The model of human intelligence that is most widely adopted derives from psychometrics and behavioral genetics. This standard approach conceives intelligence as a general cognitive ability that is genetically highly heritable and describable using quantitative traits analysis. The paper analyzes intelligence within the debate on natural kinds and contends that the general intelligence conceptualization does not carve psychological nature at its joints. Moreover, I argue that this model assumes an essentialist perspective. As an alternative, I consider an HPC theory of (...) intelligence and evaluate how it deals with essentialism and with intuitions coming from cognitive science. Finally, I highlight some concerns about the HPC model as well, and conclude by suggesting that it is unnecessary to treat intelligence as a kind in any sense. (shrink)
The density matrix ρ describing a decaying system can be expressed in terms of correlations among observables belonging to the subsystems. Due to this structure and to the difficulties in measuring higher rank tensors of decay products for a single decay event, it is found that the mean value of ρ cannot be determined, in general, from measurements on the decay products. We also discuss the consequences of this conclusion as far as tests of quantum mechanics are concerned.
We show that a local theory conforming to the requirement of reducing to usual quantum mechanics for single-particle states and describing two-particle correlations in terms of mixtures violates the condition of perfect anticorrelation between spin components in the case of Bohm's version of EPR.
We illustrate a generalization of Bell's inequality which is not limited to spin-1/2 or photon systems and does not depend on model-dependent assumptions. We then construct a specific class of examples, in terms of the decaying state and the correlated observables to be measured on the decay products, for which this inequality is violated by quantum mechanics. Finally we discuss the basic and practical problems involved in the measurement of these correlations.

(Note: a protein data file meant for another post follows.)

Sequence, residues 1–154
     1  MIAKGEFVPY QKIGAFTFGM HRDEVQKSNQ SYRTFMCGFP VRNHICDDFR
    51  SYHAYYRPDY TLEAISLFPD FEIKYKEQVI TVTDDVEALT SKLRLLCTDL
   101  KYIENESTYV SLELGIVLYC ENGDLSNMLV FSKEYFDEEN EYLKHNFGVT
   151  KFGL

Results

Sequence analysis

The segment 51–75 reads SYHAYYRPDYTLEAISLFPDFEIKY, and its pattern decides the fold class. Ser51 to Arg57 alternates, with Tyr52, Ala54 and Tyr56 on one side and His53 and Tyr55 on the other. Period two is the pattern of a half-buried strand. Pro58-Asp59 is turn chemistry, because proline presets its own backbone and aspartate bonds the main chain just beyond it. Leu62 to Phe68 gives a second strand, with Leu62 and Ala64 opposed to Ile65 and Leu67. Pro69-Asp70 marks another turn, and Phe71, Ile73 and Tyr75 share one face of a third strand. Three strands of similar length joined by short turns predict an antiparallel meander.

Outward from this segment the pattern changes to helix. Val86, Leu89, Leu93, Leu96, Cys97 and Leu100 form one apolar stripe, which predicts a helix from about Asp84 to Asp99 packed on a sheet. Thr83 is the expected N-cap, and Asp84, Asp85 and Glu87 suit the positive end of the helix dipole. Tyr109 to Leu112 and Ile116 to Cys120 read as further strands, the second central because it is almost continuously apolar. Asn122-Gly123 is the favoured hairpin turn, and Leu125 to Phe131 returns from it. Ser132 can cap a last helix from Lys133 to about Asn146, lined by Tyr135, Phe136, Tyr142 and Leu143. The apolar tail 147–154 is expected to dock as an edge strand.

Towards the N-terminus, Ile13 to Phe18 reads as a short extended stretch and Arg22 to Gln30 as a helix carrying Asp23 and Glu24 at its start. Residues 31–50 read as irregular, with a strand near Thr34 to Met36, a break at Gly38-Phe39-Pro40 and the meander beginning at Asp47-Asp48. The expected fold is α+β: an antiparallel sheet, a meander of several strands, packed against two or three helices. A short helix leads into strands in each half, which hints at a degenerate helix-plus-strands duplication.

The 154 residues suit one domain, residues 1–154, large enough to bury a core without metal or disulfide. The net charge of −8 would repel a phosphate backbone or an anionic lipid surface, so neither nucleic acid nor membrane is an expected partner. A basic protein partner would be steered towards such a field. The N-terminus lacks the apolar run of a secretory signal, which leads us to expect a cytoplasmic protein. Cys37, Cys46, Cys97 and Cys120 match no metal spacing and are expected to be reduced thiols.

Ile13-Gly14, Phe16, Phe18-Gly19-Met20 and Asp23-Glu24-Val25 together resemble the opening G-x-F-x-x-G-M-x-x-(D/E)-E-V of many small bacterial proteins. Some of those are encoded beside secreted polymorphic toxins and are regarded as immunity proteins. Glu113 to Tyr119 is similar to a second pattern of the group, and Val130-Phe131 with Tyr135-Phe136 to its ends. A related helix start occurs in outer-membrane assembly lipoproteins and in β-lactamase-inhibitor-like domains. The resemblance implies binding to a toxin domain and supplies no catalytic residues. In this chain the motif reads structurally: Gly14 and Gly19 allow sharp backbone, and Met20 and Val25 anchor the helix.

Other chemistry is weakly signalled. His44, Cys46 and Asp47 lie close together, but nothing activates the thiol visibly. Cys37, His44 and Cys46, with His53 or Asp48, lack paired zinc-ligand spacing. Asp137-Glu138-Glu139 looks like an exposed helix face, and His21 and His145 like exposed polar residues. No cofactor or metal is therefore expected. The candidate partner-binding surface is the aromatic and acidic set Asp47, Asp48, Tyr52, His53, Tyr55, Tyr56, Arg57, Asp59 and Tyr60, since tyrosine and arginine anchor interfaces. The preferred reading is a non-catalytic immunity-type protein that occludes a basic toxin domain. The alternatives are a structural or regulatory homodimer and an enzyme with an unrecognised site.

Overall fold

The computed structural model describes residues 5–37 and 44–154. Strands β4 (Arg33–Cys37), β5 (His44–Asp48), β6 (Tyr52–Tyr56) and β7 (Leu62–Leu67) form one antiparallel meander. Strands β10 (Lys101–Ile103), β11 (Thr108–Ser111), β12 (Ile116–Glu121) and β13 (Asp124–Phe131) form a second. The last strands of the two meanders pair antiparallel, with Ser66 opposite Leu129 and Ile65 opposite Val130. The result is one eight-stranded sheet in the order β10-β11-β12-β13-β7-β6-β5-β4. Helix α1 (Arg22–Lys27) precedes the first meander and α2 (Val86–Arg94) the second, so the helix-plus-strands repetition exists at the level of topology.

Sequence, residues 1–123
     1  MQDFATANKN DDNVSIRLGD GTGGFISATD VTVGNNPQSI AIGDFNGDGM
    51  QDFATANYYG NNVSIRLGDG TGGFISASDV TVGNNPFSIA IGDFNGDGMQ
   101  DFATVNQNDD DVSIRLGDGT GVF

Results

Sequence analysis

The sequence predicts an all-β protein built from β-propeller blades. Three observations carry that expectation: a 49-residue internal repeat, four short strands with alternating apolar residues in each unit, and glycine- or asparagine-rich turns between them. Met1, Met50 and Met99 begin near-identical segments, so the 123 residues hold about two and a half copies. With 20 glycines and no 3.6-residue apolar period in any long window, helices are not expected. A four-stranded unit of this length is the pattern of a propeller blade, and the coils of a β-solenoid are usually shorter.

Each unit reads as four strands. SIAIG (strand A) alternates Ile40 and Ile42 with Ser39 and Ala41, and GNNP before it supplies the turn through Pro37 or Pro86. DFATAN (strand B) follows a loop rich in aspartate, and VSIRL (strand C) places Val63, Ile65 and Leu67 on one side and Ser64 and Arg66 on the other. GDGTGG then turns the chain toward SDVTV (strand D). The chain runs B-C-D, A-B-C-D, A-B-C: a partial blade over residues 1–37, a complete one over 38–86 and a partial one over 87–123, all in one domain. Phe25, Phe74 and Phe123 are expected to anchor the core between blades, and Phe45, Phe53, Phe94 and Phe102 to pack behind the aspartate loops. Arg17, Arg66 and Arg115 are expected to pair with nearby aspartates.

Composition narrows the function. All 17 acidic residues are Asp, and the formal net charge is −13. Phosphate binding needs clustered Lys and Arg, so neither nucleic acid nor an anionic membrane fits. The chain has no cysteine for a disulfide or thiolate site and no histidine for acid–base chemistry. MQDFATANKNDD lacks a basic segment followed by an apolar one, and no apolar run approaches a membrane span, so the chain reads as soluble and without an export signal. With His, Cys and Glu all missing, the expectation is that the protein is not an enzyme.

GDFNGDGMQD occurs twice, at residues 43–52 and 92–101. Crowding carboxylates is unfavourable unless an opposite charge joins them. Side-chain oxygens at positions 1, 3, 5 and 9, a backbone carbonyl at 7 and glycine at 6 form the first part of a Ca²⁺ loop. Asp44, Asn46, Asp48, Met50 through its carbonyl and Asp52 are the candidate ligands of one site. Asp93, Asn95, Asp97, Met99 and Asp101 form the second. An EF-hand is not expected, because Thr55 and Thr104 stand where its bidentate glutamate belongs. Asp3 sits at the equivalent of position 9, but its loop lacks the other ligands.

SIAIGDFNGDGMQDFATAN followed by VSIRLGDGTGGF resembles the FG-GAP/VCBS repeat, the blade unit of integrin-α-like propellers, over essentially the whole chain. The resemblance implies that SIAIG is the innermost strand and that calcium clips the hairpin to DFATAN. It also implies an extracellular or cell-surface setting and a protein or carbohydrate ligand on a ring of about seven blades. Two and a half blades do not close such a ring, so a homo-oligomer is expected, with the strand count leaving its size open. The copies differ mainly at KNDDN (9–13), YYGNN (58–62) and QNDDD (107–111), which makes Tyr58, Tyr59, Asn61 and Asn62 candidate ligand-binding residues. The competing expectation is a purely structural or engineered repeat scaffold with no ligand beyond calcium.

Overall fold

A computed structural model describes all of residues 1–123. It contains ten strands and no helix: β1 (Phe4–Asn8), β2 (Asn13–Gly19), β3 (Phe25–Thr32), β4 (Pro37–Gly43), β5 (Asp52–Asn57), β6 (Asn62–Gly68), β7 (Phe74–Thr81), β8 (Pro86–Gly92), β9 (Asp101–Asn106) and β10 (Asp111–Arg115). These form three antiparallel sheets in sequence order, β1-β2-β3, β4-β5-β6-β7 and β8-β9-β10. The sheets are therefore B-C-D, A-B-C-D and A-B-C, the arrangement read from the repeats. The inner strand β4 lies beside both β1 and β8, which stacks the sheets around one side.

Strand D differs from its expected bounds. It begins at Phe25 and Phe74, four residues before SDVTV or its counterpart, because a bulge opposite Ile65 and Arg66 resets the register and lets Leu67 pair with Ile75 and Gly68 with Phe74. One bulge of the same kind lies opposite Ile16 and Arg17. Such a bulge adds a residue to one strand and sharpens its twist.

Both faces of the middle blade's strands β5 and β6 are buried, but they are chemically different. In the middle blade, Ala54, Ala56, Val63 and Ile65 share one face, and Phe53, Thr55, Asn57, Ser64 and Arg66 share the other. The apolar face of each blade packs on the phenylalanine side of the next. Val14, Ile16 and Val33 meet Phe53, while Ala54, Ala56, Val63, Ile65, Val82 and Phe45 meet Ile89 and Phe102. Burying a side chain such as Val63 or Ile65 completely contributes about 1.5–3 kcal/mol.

Davide Panagia, The Poetics of Political Thinking (Durham and London: Duke University Press, 2006). ISBN 0-8223-3718-5, (hbk) US$ 74.95, (pbk) US$ 21.95,166pp. and Davide Panagia, The Political Life of Sensation (Durham, NC and London: Duke University Press, 2009). ISBN 978-0-8223-4479-7, (hbk) US$ 79.95, (pbk) US$ 22.95, 213pp.
In _The Poetics of Political Thinking_ Davide Panagia focuses on the role that aesthetic sensibilities play in theorists’ evaluations of political arguments. Examining works by thinkers from Thomas Hobbes to Jacques Rancière, Panagia shows how each one invokes aesthetic concepts and devices, such as metaphor, mimesis, imagination, beauty, and the sublime. He argues that it is important to recognize and acknowledge these poetic forms of representation because they provide evaluative standards that theorists use in appraising the value of ideas—ideas (...) about justice, politics, and democratic life. An investigation into the intertwined histories of aesthetic and political accounts of representation—such as Panagia presents here—sheds light on how modes of poetic thinking delimit the questions of unity and diversity that continue to animate contemporary political theory. Panagia not only illuminates the structure of much contemporary political theory but also shows why understanding the poetics of political thinking is vital to contemporary society. Drawing on Gilles Deleuze’s critique of negation and his privileging of paradox as the source of political thought, Panagia suggests that a non-teleological concept of difference might generate insight into pressing questions about foreignness and citizenship. Turning to the liberal/poststructural debate that dominates contemporary political theory, he compares John Rawls’s concept of justice to Rancière’s ideas about political disagreement in order to demonstrate how, despite their differences, both thinkers comprehend aesthetic and moral reasoning as part and parcel of political writing. Considering the writings of William Hazlitt and Jürgen Habermas, he describes how the essay has become the exemplary genre of what is considered rational political argument. _The Poetics of Political Thinking_ is a compelling reappraisal of the role of representation within political thought. (shrink)